Tuberculous Encephalopathy Mimicking Limbic Encephalitis and Large Intraparenchymal Mass: A Challenge In Diagnosis
Tuberculosis of central nervous system (CNS TB) being endemic in Malaysia, most commonly presents as tuberculoma or meningitis. Less commonly, this specific disease entity presents as cerebritis, miliary form, encephalitis and large intraparenchymal mass. At the cellular level, it was even postulated that the pathogenesis of the most common form of CNS TB is way different from the rarer form of encephalitis. Parenchymal involvement of CNS TB is primarily believed as a result of leptomeningeal/ ependymal extension or gross occlusion of basal arteries due to exudates and arteritis. However, the pathogenesis of TB encephalitis was postulated to result from type IV direct (allergic type) hypersensitivity which is similar to other demyelinating diseases at present. Here, we highlight an extremely rare imaging manifestation of CNS TB, which impersonates limbic encephalitis and large intraparenchymal mass imposing a diagnostic dilemma.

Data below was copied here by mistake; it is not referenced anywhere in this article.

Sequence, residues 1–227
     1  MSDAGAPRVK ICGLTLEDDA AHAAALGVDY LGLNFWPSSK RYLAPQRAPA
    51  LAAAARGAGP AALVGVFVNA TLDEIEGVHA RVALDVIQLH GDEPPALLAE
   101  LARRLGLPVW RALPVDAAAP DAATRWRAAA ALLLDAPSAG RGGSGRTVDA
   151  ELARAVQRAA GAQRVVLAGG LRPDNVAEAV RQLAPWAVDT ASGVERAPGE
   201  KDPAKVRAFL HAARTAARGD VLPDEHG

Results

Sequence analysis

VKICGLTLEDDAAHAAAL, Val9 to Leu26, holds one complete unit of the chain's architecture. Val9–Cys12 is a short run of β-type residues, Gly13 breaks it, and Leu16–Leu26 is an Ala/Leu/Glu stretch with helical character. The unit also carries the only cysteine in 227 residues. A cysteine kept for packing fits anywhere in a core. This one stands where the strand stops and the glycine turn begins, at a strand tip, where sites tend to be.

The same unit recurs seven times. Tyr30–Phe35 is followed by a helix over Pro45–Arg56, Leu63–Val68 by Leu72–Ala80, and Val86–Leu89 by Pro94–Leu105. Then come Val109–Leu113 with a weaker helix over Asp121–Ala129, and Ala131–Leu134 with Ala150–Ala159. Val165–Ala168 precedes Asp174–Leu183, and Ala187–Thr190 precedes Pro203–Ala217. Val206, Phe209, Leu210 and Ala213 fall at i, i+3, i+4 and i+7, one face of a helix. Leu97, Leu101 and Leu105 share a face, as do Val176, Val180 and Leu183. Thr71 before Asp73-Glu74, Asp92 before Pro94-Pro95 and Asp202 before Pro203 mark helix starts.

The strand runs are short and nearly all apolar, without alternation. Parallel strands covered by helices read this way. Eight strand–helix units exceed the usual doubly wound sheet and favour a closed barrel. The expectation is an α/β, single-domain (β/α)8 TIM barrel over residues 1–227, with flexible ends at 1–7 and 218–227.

How to Cite
All material submitted for publication is assumed to be submitted exclusively to the IIUM Medical Journal Malaysia (IMJM) unless the contrary is stated. Manuscript decisions are based on a double-blinded peer review process. The Editor retains the right to determine the style and if necessary, edit and shorten any material accepted for publication.
IMJM retain copyright to all the articles published in the journal. All final ‘proof’ submissions must be accompanied by a completed Copyright Assignment Form, duly signed by all authors. The author(s) or copyright owner(s) irrevocably grant(s) to any third party, in advance and in perpetuity, the right to use, reproduce or disseminate the research article in its entirety or in part, in any format or medium, provided that no substantive errors are introduced in the process, proper attribution of authorship and correct citation details are given, and that the bibliographic details are not changed. If the article is reproduced or disseminated in part, this must be clearly and unequivocally indicated.